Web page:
The Decline of Empires alludes to the History of the Decline and Fall of the Roman Empire, by Edward Gibbons, which traces the decline of once great empires – from the Roman Empire to the Byzantium. Venturing outside of what is narrowly defined as urban, following the rivers and power lines as they snake away from the city, to areas where the industrial and merge with the rural, is like tracing history in reverse. Here there are the left over fortifications of the First World War and the corroding remains of once powerful industry. Power stations still operate and docks function but there is an underlying sense of this being both derelict and abandoned land, both active industrial zone and place of defunct industry. It is also the the place of transient communities, of temporary dwellings ranging from regimented caravan parks to neglected mobile homes. The definition of what constitutes home or community is questioned here. There is a strangeness to this area and an oddness to the random encounters with strangers. This could be described as place where movement stalls and memory collects in a seemingly purposeless way, akin to remembering past times, indicative of a great Colonial Power in decline.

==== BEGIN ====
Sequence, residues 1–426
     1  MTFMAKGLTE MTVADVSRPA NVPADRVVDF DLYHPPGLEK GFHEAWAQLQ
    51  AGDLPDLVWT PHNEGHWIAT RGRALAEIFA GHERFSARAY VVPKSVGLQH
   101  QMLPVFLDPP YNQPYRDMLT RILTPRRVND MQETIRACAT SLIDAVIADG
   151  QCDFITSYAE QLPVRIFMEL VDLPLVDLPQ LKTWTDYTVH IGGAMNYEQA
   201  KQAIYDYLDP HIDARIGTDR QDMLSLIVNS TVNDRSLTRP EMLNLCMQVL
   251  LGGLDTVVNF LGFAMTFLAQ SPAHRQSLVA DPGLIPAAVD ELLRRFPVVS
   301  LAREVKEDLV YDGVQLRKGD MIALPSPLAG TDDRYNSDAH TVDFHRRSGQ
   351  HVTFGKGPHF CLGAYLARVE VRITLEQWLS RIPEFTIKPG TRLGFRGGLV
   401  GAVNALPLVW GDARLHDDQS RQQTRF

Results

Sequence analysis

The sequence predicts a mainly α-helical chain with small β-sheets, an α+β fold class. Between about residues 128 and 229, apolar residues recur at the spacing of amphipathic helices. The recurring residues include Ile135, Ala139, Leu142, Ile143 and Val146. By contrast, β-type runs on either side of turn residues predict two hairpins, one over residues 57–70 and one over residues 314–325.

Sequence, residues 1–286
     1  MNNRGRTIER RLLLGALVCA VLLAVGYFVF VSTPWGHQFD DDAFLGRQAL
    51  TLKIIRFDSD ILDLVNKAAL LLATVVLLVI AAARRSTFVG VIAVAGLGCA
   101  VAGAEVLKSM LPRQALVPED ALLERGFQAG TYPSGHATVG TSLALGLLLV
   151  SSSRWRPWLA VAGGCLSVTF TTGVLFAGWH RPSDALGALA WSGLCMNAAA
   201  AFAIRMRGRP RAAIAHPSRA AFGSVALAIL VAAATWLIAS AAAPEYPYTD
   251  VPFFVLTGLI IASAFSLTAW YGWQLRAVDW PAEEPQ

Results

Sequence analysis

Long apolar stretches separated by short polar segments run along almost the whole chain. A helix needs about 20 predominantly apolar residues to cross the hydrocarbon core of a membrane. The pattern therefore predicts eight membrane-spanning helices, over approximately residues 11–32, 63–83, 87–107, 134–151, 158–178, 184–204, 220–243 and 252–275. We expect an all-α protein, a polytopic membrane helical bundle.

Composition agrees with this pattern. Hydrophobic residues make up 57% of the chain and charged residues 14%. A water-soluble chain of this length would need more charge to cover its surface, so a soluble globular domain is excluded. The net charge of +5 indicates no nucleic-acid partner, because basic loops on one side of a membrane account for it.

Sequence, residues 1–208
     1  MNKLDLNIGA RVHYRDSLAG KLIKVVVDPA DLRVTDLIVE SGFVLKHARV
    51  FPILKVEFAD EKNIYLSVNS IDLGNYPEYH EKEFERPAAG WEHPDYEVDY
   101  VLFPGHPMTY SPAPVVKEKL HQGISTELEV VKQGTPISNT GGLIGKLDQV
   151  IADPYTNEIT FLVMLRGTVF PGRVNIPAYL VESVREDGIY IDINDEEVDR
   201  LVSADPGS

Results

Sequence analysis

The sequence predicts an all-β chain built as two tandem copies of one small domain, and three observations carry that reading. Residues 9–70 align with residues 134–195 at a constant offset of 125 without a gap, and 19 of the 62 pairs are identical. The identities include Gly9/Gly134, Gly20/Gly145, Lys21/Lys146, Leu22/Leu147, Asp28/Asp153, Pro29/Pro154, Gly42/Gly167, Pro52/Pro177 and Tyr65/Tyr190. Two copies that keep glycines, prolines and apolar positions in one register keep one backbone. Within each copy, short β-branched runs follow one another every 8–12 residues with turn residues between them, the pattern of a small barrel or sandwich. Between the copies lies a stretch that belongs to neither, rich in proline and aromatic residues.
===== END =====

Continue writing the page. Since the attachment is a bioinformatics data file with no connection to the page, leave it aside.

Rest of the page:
© Barry Falk 2017